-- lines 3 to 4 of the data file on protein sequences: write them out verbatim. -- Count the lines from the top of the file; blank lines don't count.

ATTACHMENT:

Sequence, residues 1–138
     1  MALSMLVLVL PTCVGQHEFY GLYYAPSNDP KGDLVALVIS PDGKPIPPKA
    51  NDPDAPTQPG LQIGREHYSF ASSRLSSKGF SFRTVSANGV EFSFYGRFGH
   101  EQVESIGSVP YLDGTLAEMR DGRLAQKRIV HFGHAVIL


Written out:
    51  NDPDAPTQPG LQIGREHYSF ASSRLSSKGF SFRTVSANGV EFSFYGRFGH
   101  EQVESIGSVP YLDGTLAEMR DGRLAQKRIV HFGHAVIL